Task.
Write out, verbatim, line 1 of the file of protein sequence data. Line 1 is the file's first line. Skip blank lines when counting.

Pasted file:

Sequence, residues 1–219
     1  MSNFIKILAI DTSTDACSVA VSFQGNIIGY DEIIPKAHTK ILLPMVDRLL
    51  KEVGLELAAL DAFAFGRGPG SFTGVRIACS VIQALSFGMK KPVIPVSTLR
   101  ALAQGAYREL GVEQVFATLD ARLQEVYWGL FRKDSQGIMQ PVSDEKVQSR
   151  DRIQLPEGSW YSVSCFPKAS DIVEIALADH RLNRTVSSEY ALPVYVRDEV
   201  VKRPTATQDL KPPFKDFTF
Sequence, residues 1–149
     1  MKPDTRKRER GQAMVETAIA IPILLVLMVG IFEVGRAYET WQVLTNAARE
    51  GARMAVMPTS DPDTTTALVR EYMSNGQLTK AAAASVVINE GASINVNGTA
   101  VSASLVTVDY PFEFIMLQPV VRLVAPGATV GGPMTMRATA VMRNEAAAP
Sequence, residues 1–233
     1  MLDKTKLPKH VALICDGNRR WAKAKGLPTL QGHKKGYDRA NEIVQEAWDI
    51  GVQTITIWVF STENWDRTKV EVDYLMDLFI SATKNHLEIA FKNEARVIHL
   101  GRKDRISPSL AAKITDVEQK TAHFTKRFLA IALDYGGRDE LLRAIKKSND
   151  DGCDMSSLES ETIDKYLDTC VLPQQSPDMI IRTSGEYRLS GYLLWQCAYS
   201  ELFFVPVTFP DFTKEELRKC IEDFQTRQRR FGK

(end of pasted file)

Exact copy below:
Sequence, residues 1–219